Tag Archives: Sam Claflin


Charlotte Salomon knew how lucky she was to escape Germany during the war, fleeing to the south of France between 1941 and 1943 where she sought refuge at a friend’s estate. She may have left Germany, but she knew she couldn’t outrun everything. Some things follow you no matter where you go.

Family haunted Charlotte from either side of the border, a long string of suicided ghosts making her question her own fate, as well as from the camps of the Holocaust where relatives have disappeared steadily. In hiding from the Nazis, Charlotte meets and marries her love, but she still can’t shake her own sense of mortality. She spends her days painting frantically, motivated to leave a record. Though young, she’s determined to paint her own autobiography, nearly 1000 images, memorializing those she’d lost and paying tribute to her own strife.

Charlotte Salomon was murdered in a gas chamber shortly after her arrival at Auschwitz in October 1943. She was 26 and pregnant. Like so many, Charlotte was supposed to be forgotten, wiped from history, but after her death, her family unearthed the paintings she’d carefully packed away.

This animated film is a tribute to her life and to her work. It honours her memory but remembers her as a real person, a young woman and talented artist who should have had a long future in front of her. Not unlike her own graphic style, the film uses bold, colourful images to recount Charlotte’s short life.

A certain film once posited that every time a bell rang, an angel got some wings. I’m of the belief that every time you watch this movie, a Nazi ghost gets a pineapple shoved up his rear. Do your part. Don’t let her memory fade. Marion Cotillard, Keira Knightley, Mark Strong, Sam Claflin, and Jim Broadbent lend their voices to make this film come alive, and if you need further enticement, I hear the pineapple crop’s particularly robust this year.

Charlotte is an official selection of TIFF 2021.

Enola Holmes

Enola (Millie Bobby Brown) has had a strange but delightful childhood, raised and educated by her mother Eudoria (Helena Bonham Carter) in a manner perhaps inappropriate for a fine young lady of her time, but according to Eudoria’s own standards. Eudoria valued intellect and wit of course, but also independence (hence Enola’s name, alone spelled backwards) and a free spirit. They were happy together, not even lonely though Enola’s father had passed and her brothers left home years ago. But waking on her 16th birthday Enola finds that her mother has disappeared and left her no choice but to summon her older brothers.

Brother Sherlock (Henry Cavill) is a bit of a famous detective – maybe you’ve heard of him? And Mycroft (Sam Claflin) is the persnickety one who finds his sister’s lack of social graces to be untenable. He lines up a finishing school to send her away to, so of course she absconds, not unlike her mother has. Enola has gone to London of course, not just to find out where her mother is, but who her mother is, or was. To do it, she’ll have to stay one step ahead of brother Sherl, who is a a bit of a sleuth himself, and not easy to outwit.

The part suits Millie Bobby Brown to perfection – plucky, canny, charming and engaging, she adds a new dimension to the already beloved and fully realized Holmes universe, not only proving her worth but making room for herself and room for change. Sherlock has always lived very much inside himself, apart from and above the rest of the world, of whom he takes little notice unless they’re part of the case. Enola, however, is very much a product of and a force of change in England, which is already in flux when we meet her in 1884. Though she spent her early years in near isolation with her mother, her future is very much her own to make of it what she will.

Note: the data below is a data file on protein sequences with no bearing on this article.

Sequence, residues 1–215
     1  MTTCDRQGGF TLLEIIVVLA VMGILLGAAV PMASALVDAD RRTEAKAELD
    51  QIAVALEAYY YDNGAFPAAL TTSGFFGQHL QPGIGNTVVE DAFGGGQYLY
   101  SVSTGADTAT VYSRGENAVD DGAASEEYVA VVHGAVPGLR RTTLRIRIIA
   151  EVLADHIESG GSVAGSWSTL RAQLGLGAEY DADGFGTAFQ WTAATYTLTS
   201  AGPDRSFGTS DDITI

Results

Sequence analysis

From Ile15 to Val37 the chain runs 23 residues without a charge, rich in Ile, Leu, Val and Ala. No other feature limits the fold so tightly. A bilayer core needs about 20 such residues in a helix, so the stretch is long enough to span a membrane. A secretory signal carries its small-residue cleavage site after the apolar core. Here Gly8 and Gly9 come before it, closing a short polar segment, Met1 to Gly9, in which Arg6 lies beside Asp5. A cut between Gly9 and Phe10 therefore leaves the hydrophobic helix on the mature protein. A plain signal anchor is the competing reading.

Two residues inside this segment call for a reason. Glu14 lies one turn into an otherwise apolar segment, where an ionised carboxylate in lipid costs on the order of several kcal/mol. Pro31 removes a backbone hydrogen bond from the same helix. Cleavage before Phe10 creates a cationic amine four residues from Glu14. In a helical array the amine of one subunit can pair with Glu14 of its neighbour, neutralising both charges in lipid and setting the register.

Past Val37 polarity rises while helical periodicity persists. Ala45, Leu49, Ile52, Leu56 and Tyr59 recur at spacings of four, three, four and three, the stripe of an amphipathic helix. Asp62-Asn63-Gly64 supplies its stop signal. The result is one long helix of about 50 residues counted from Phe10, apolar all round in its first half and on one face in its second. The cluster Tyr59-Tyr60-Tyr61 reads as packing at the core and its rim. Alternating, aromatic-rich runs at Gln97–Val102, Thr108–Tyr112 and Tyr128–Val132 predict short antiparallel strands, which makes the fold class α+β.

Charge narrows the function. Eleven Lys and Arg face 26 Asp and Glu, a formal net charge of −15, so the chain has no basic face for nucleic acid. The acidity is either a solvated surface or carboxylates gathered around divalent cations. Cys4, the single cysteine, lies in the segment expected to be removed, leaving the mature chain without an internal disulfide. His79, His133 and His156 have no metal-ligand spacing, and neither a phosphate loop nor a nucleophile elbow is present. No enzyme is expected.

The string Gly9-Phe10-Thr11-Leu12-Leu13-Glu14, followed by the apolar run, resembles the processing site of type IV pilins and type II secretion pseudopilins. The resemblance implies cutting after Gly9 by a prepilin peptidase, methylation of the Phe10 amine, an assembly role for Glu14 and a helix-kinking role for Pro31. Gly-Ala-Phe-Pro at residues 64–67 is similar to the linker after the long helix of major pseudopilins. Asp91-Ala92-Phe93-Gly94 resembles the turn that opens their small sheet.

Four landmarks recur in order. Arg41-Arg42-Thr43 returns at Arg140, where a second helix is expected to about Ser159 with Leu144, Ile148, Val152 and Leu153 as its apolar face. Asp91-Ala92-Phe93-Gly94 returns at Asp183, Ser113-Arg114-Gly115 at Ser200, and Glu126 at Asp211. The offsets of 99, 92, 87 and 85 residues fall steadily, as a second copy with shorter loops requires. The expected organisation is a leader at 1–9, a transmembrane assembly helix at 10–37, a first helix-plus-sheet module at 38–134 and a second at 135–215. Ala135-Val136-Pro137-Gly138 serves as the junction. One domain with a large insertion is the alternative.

Love. Wedding. Repeat.

Haley and Roberto are getting married. Their perfect Roman wedding has one important variable: the table full of English friends. Among them sit Haley’s brother Jack (Sam Claflin), Jack’s ex-girlfriend Amanda (Freida Pinto), Amanda’s insecure current boyfriend Chaz (Allan Mustafa), “maid” of honour Bryan (Joel Fry), the world’s most boring man Sydney (Tim Key), Dina (Olivia Munn), the journalist with whom Jack had a brief encounter but enduring infatuation several years ago, Rebecca (Aisling Bea), the saucy guest who’ll keep oversharing, and of course Marc, the very much uninvited guest who could derail it all.

The beautiful bride Haley implores darling brother Jack to do her a solid: save her wedding day by dosing coked up ex-boyfriend Marc with just a little bit of sleeping tonic. Harmless. Except that little bit of sleeping drought is in the bottom of a glass on a table where the seating cards have all been mixed up. There’s a 1 in 8 chance any of the above people is about to take a non-consensual nap.

It’s not quite Groundhog Day, but we do get to see several alternatives depending on who gets dosed. Sometimes things go hilariously wrong and sometimes they go sadly wrong and sometimes just resoundingly wrong.

I’ve never been the biggest fan of Sam Claflin but he doesn’t detract much from the movie, so I’ll give him that. I just think if you can get someone with a personality, why hire this cardboard cutout? He’s overpowered by literally every other guest at the wedding and he’s supposed to be our protagonist. Thankfully Key and Bea do a lot of the heavy lifting, lending levity to the film and a much needed spark of life.

Director Dean Craig takes a tired concept (revisited often by Netflix offerings) and has little to contribute. His butt is saved by a couple of stand-out performances in a movie otherwise as bland as the banquet chicken I’m sure they served.

Charlie’s Angels (2019)

Old Bosley (Patrick Stewart) out, new Bosley (Elizabeth Banks) in; turns out, Bosley wasn’t a name, it was a rank.

Sabina (Kristen Stewart) and Elena (Naomi Scott) are fellow Angels and kind of frenemies but not only are they going to need to get along for this next mission, they’ll also be training a newbie on the fly as mild-mannered, law-abiding layperson Jane (Ella Balinska) gets swept up into the fray.

Jane is a systems engineer who blows the whistle on a piece of tech that sounds revolutionary and life-changing but also dangerous and possibly weaponized. So of course the Angels are called upon to make sure it doesn’t fall into the wrong hands, and believe me, several grubby, evil little hands are doing the “gimme gimme” gesture in its direction. The Angels are willing to risk their lives to save us all, but they more they uncover the more their own agency seems compromised and nobody knows who to trust.

The movie got off to a rocky start for me because it was a little too “girl power!” And obviously I’m all about strong, capable women but let’s just show rather than tell. We don’t always need banners and slogans. But the movie seemed to get that stuff out of the way pretty early on, and then we hurtle through action sequences like it’s against the law to slow down.